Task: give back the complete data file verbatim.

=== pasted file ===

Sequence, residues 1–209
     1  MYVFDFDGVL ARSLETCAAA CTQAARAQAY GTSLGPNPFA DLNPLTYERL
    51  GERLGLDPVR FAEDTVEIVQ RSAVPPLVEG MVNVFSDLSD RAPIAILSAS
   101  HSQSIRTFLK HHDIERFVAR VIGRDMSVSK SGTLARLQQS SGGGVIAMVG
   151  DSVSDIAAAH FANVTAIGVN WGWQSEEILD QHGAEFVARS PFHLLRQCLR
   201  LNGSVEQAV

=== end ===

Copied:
Sequence, residues 1–209
     1  MYVFDFDGVL ARSLETCAAA CTQAARAQAY GTSLGPNPFA DLNPLTYERL
    51  GERLGLDPVR FAEDTVEIVQ RSAVPPLVEG MVNVFSDLSD RAPIAILSAS
   101  HSQSIRTFLK HHDIERFVAR VIGRDMSVSK SGTLARLQQS SGGGVIAMVG
   151  DSVSDIAAAH FANVTAIGVN WGWQSEEILD QHGAEFVARS PFHLLRQCLR
   201  LNGSVEQAV